And nobody comes, not even Pilate.


My Dad never got beyond the third grade. He was a fabulous father, wise, deep, consistent, fearless, and a lot of fun to be with. Mom was an elementary school teacher with a college education of sorts in Prince Edward Island, Canada, a/k/a PEI. She taught me how to read before I went to kindergarten. Loving, caring parents, they welcomed me home when I left the Society and kept on being Mom and Dad. Their care and love for family helped me then and have lasted until the present. I’m an orphan now. On my own and mingled with Jean’s for our own children and grandchildren.  Life goes on. Even after leaving what could have been a lifetime. We see now.


Religion and spirituality comes only from personal experience. It is not in books, no matter how great the writer is in his or her own unique spirituality. And here, among our companions, we are people who spent years in Jesuit formation in Ignatian spirituality, branched out into others, and have the humility and love to sit down quietly and write about our personal experiences. We do this without necessarily quoting famous authors, because we have made them our own. Ours have gone far, far beyond Accounting Level III.


There is a resemblance to the Principle and Foundation with which Saint Ignatius begins the Spiritual Exercises. You begin by imagining a bunch of questions, as I used to do after the Long Retreat as a novice. Later I followed this practice after innumerable eight-day or weekend retreats over 70 years since. At 88, let me offer a bit of back-and-forth — a recipe sort of. OK?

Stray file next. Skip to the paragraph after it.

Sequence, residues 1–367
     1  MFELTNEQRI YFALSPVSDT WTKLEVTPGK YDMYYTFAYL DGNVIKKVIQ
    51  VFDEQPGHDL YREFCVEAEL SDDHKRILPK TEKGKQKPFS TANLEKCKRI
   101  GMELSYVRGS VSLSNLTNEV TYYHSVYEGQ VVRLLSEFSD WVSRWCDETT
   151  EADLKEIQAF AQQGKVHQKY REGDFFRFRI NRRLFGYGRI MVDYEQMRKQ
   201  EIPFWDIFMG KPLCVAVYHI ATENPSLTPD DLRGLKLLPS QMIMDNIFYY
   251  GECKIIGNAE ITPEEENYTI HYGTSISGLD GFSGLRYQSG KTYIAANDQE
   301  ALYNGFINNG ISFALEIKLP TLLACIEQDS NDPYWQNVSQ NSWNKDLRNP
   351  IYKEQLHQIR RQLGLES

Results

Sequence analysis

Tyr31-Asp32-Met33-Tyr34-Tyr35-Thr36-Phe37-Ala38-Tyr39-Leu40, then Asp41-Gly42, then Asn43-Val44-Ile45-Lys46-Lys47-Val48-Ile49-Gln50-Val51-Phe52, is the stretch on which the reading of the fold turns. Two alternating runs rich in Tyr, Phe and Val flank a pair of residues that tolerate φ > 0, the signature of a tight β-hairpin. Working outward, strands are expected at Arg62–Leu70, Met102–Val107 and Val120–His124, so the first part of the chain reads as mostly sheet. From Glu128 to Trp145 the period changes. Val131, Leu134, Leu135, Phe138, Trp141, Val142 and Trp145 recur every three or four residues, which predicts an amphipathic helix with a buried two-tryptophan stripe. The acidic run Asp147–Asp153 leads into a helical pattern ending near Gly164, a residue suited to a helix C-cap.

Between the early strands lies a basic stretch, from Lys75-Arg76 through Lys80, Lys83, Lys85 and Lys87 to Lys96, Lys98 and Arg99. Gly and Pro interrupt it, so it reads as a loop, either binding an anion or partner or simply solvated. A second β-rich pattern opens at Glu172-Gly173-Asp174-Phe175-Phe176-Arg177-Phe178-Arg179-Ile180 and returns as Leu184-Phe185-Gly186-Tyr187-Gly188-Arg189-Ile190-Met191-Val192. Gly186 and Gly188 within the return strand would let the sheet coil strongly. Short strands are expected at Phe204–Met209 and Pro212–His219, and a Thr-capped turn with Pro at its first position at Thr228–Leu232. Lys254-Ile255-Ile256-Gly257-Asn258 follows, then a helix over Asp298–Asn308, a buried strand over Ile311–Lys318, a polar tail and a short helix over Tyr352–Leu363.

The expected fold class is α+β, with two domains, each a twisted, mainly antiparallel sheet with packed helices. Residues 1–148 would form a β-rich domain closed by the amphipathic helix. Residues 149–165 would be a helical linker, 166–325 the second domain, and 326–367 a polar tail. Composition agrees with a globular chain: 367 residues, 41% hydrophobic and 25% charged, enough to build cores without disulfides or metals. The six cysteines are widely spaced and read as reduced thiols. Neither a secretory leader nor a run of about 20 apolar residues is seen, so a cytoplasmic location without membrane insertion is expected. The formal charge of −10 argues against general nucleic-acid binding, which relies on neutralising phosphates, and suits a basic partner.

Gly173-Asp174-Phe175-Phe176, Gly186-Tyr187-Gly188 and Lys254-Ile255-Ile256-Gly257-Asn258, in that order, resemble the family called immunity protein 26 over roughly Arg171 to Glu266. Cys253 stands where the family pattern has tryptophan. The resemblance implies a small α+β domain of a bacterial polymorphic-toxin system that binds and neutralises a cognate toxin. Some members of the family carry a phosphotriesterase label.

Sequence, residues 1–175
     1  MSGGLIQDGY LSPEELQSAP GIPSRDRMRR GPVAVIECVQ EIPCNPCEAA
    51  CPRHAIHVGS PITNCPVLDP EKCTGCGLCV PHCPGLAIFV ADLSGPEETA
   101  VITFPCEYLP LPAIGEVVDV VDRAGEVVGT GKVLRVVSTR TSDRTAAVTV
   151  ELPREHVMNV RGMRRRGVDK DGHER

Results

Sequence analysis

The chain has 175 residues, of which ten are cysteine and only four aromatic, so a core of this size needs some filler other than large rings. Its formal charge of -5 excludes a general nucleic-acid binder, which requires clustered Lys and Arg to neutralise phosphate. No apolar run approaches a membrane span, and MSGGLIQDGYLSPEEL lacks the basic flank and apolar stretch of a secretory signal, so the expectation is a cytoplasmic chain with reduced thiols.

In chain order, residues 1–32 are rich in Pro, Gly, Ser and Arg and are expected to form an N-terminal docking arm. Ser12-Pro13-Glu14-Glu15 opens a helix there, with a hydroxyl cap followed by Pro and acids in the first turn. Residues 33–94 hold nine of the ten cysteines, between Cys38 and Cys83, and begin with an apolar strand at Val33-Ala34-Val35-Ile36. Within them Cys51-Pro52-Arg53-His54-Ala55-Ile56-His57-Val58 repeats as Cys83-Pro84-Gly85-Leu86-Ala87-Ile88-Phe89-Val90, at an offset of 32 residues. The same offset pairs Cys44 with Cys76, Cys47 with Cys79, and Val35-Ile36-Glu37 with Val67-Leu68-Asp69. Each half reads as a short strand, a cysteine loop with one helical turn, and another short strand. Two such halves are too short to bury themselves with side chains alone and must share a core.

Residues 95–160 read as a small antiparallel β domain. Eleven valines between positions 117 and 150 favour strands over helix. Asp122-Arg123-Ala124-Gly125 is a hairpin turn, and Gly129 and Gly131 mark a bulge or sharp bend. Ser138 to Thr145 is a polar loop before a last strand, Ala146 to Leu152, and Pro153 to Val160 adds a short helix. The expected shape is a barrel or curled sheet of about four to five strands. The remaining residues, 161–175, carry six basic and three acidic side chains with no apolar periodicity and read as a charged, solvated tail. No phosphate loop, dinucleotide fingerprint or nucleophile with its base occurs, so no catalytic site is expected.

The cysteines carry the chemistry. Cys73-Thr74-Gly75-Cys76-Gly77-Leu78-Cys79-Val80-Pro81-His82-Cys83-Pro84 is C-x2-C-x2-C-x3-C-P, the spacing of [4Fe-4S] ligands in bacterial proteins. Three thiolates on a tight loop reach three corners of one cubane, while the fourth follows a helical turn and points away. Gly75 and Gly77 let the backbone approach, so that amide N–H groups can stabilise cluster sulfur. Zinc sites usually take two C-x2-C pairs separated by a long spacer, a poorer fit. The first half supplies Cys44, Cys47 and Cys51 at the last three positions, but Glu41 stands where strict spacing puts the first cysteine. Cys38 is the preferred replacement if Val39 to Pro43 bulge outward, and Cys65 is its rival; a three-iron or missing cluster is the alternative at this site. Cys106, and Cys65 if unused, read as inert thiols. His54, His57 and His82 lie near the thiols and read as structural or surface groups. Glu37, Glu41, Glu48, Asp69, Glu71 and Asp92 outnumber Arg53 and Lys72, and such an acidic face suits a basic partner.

Do you read?

Repeat. Do you read?

-Yes, that’s twice, Sir.

Are you in trouble?

How did you get in trouble?

-I’m not, but when I was, it was because of me.
If you were in trouble, did you seek help?


When you did, did help come?


Did you accept it

What is the character of your consciousness?

Are you conscious?

-Off ’n on.
Do you have a self?

-No. I am myself. Not a question of having’ but being.

Do you know who you are?

Do you know what you are doing?

Do you know how to love?


Are you loved?

Do you hate?


Do you love?


Do you understand me?

-Yes, but sometimes you talk funny.
Are you impertinent?


Do you know who you are?


Who are you?


–       I Are

Obeying those

who write of You

I sit within

wander wonder

silent under

a whirling roar

in the vortex

of solitude.


I am alone.

A quiet ache

for duotude

brushes skin

of tepid soul

a silver touch

touchless within

empty clouds

of nowhere

now here.


I am one.

“He is. I am,”

Your unknown

author writes.

Are I two

You me two

two in me

need now two

to be alone


I are two.

Amen then

come to me

into me

come become us

one with each

in the within

of me and You

we one yet two.


I are.



A former Jesuit, Paul Kelly notes that he rarely sought to be published, Yet he boasts happily of his more famous family: Brother Kevin, Drama Critic for Boston Globe for forty years, four sons with successful diverse careers, including professional football coach, Chip. Married to wife Jean, Paul is a retired New Hampshire attorney, and resides with Jean in Maine.